A kitchen is a busy place, but it doesn't have to be a chaotic place. A kitchen designed around the flow of materials and personnel will have a logical layout in which no employees or materials backtrack through the space. In other words, the kitchen will operate in some type of circular pattern. The refrigerated and dry storage areas should be near the receiving area, for example, but the waste disposal and warewashing areas should be separate from the food preparation and meal cooking areas. Completed meals will exit the kitchen on one side and soiled dishes will enter the kitchen on the other. Adhering to this principle not only keeps the kitchen clean and food safe, but eliminates confusion and ensures a well-organized and orderly system.

Flow of Materials and Personnel

Ease of Sanitation

Next to cooking, you spend the most time cleaning the kitchen. You might even spend more time cleaning the kitchen. If that is the case, a commercial kitchen optimized for easy sanitation is a must. A great way to start is by reducing the number of legs on your equipment either by wall-mounting pieces or attaching casters to make equipment movable. Another option is to use finishes that are easy to clean like tile floors, wire shelving units, and stainless steel tables. Most important, however, are food safety and sanitation codes that every foodservice establishment must uphold. There must be hand washing stations in every area where food is prepared, for example, but they must be cleaned regularly and not used for storage. The same can be said for waste disposal areas. Be sure to study the codes in your location to make sure your kitchen complies.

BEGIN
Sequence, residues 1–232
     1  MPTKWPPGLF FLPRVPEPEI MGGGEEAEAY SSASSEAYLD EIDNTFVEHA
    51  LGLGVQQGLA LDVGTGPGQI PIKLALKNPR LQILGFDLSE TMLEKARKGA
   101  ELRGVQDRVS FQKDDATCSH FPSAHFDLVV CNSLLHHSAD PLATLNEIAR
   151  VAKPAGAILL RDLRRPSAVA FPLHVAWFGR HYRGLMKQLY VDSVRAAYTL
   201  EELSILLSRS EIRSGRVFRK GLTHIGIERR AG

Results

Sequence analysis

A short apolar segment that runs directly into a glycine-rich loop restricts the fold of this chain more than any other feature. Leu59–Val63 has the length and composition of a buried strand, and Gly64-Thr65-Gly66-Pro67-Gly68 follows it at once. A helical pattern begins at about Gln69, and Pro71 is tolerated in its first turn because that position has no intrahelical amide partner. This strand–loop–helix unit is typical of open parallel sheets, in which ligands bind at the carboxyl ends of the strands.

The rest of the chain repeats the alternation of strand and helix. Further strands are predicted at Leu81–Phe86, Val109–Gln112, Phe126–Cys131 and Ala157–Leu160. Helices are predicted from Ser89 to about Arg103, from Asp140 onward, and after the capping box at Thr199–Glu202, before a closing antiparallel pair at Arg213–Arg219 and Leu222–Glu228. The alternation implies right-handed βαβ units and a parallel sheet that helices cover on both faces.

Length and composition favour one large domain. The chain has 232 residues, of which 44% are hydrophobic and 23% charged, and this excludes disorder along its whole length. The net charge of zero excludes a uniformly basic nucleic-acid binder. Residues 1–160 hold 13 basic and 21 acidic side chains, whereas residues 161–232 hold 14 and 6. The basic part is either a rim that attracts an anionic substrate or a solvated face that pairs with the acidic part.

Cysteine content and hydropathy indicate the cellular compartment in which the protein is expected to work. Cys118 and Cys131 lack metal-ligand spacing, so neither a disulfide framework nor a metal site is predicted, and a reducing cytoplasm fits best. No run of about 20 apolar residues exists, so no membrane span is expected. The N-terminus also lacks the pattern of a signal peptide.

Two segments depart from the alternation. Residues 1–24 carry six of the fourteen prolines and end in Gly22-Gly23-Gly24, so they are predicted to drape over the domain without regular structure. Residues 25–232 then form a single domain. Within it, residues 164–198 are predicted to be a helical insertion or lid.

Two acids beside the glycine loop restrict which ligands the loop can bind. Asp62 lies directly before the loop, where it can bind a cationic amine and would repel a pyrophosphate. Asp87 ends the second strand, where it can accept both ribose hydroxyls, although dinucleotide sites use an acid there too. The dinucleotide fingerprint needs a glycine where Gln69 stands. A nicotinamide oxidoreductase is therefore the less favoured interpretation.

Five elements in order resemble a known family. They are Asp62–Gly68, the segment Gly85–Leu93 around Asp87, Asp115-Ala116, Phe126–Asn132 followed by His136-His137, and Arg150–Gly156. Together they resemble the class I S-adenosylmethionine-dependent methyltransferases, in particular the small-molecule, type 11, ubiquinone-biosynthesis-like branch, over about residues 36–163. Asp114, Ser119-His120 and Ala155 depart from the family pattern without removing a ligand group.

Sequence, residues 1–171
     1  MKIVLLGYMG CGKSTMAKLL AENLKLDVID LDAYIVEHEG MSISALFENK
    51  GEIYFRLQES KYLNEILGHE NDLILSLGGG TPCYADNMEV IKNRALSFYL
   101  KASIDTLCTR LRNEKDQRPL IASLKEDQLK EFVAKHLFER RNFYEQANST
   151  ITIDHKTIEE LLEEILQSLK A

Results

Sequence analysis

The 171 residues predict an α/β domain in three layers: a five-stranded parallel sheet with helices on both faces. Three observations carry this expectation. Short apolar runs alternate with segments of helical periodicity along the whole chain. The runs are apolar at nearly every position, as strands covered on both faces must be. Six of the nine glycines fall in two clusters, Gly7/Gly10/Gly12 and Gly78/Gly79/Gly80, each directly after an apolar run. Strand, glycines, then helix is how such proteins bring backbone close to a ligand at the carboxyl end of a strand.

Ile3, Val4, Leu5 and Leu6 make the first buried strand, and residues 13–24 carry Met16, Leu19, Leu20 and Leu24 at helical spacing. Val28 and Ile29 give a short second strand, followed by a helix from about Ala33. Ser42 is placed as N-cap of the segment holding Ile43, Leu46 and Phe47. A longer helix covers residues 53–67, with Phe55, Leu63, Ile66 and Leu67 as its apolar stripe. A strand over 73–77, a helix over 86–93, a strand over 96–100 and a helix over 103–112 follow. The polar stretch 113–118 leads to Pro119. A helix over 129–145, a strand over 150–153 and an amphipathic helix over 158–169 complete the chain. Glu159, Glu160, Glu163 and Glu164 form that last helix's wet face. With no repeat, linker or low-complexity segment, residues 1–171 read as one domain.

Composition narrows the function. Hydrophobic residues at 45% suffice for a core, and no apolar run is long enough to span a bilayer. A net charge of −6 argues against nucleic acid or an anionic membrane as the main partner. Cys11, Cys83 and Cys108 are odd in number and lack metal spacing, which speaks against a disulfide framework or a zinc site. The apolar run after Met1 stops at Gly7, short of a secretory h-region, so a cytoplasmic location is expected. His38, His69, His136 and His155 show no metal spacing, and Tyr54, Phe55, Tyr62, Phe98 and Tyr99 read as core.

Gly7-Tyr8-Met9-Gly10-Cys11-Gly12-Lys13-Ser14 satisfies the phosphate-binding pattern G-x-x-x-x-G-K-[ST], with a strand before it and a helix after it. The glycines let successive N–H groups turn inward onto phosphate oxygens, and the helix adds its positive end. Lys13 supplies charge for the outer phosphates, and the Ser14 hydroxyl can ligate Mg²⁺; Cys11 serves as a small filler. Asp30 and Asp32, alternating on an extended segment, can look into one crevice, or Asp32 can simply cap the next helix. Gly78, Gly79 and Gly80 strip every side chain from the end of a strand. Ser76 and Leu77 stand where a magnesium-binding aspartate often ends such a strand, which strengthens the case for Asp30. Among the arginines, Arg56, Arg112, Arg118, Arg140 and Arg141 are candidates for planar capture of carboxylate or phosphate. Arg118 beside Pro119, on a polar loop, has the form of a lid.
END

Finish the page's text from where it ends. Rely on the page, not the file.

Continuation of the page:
Ease of Supervision

The executive chef has a lot to handle when it comes to managing the kitchen. He or she finishes dishes, designs menus, orders supplies, monitors food quality, and ensures that equipment is working properly, in addition to a thousand other duties. Then he or she has to worry about supervising the kitchen staff! To make things easier on your chef, consider designing your kitchen for easy supervision. An open kitchen with few or no walls or partitions allows for increased vision, easier movement, and better communication. This way, your executive chef can spend less time babysitting and focus on other responsibilities to make your establishment operate more efficiently. Ease of supervision is especially important for correctional facilities to ensure safety.

Space Efficiency

Operating a kitchen is rough on the wallet. Real estate costs a pretty penny, maintenance is expensive, and cooking equipment isn't cheap, not to mention there are staff paychecks to handle. Taken together, those factors put a high premium on square footage. Therefore, consider carefully the exact needs of your kitchen and try to limit bulky equipment. Some pieces, like a range, are necessary, but if you're not baking dough every day, maybe pass on the the 40 qt. floor mixer. Be warned, though, it is easy to take space efficiency too far to the extreme. A kitchen that is too small, or lacking necessary equipment due to space concerns will severely hinder production.


For other commercial kitchen resources check out the links below:

Front of House vs. Back of House

Restaurant Management: How to Open a Restaurant

Restaurant Labor Laws